The Importance of Keeping Foster Siblings Together in VA
Help Foster Children Keep Their Sibling Bonds
When children in the United States are placed in foster care, one of the most important things to do is to keep sibling groups together. Separating a sibling group can cause much more harm to a child who is already dealing with change and trauma.
When a biological parent is unable to care for their children, the children are placed into foster care. Usually, this means the children suffered some abuse or neglect at the hands of their biological parents. The sibling groups typically share these experiences with each other because they come from the same home.
What happens when sibling groups are separated?
For one, these youth have gone through the traumatic experience of coming into foster care and adoption. These siblings often want and need to lean on each other for support during this difficult time. Their sibling might be the only person in the world that they trust at that moment.
If that safe sibling relationship is ripped away from them, it will add to the pain and anxiety that they are already feeling. Some of themselves will be taken away from them after their parents and home were already taken away.
Turning a child's world upside down can make them scared, angry, and confused. It would be expected for them to feel as if they don't have a voice in this world. All of these negative emotions will lead to the following:
- increased behavioral problems
- poor mental health
- decreased performance in school
- increased risk for unlawful behavior
- physical health issues
These risks can be minimized if the youth in foster care can stay with their siblings.
When adopted siblings move into their adoptive home or foster children move into their foster home, it will be a completely new and uncomfortable environment. Taking that first step with a sibling can lower anxiety levels and increase their chances of acclimating.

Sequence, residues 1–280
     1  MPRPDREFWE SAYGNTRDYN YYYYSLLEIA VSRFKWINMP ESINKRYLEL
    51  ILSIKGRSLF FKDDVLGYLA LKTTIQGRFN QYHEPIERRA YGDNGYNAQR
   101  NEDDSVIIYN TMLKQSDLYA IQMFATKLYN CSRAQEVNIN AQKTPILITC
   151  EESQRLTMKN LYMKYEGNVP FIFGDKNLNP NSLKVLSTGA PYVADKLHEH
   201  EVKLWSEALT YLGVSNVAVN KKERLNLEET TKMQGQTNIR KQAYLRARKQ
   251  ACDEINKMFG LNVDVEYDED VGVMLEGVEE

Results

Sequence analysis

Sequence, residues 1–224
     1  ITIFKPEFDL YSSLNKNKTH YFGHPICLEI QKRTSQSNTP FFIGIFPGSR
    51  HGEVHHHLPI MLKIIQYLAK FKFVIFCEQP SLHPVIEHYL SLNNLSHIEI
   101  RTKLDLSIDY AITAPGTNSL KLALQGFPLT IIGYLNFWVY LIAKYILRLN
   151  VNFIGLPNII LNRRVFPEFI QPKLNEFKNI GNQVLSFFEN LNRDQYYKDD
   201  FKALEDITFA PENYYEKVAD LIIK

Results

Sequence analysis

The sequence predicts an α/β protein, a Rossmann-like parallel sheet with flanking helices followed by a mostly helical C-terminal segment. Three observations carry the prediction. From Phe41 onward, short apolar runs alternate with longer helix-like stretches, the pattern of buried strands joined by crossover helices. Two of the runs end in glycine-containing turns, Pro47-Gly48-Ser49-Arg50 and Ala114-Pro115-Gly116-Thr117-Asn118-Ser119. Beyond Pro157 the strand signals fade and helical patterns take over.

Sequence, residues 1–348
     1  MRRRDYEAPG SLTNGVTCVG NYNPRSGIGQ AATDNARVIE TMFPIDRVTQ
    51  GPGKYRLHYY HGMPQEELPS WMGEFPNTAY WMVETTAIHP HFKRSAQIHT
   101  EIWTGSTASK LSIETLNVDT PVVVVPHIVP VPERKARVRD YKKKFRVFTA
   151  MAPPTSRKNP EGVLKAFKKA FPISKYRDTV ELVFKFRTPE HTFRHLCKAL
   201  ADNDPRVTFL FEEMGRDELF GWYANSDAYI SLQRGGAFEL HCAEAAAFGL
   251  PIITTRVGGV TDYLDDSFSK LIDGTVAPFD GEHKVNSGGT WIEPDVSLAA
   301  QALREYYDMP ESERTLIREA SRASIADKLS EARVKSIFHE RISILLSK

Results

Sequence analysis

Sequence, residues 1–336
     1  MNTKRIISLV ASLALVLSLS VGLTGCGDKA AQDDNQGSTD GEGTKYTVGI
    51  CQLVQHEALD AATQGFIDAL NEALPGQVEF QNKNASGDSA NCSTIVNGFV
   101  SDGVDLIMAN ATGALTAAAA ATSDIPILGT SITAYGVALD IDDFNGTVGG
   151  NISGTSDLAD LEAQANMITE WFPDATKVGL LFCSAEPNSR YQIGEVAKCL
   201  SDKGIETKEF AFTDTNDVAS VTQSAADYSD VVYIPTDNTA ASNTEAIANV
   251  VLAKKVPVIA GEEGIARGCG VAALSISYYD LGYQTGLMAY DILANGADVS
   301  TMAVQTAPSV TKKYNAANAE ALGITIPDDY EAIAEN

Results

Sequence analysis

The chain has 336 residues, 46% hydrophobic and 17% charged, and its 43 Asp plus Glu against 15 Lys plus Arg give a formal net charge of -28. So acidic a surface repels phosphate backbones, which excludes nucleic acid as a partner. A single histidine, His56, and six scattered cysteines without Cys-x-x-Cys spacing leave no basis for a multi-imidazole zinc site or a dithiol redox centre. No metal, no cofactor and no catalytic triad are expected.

Children living with their siblings is essential for their growth and development. They provide each other with emotional support, companionship, and comfort in times of change. They will be able to use each other to adapt to their new home and family. They will also remain important figures throughout their lives.
Why do some sibling groups get separated?
It's unfortunate, but the reality is that siblings are separated often. Many sibling groups get separated upon entry into the foster care system for different reasons.
Some sibling groups are very large or have age gaps. Some children may also need more care and support than their brothers or sisters, possibly due to a medical condition. These factors make it difficult to find a loving and open foster family to care for the sibling groups.
It's also possible for siblings to enter foster care at different times, live apart from one another, or have different last names. These things could lead to undeveloped or unclear sibling connections.
What can I do to help the children?
As adoptive parents, you can help by adopting a sibling group. If you truly believe in keeping adopted children together, when the time comes, and you receive the call for a sibling group, don't shy away from taking them on. Embrace them together as a package deal, and watch the fruits of your labor and kindness manifest in ways never imagined.
As foster parents, you have such a massive impact on these kids. If your foster child has a sibling they were split up from, nurture that bond by asking and talking about their siblings.
Ask them about things they would do together and their favorite traits about them. If possible, allow them to see their siblings and involve them in special occasions like birthdays, graduations, etc.
Work with your case management team and other stakeholders to make efforts to set up sibling visits. Do what you can to keep that sibling bond- it will not only help them, but it will also help you and your whole family. It also lets them know that you care about how they feel.
In thinking about the importance of keeping siblings together, I'd like you to remember these things. It's not enough that these children get uprooted from their families; they're also becoming detached from their community, culture, and identity. So, allowing them to see their brothers and sisters and have that sibling bond will positively impact their child welfare and the rest of their lives.
My name is Vincent Ellis White, and I am a Family Services Specialist at Extra Special Parents (ESP), a licensed foster Child Placing Agency (CPA) in Virginia. In my ESP role, I train potential foster parents and guide them as they navigate the road to certification to become licensed foster parents. Another integral part of my responsibility is placing foster children into our certified families' homes.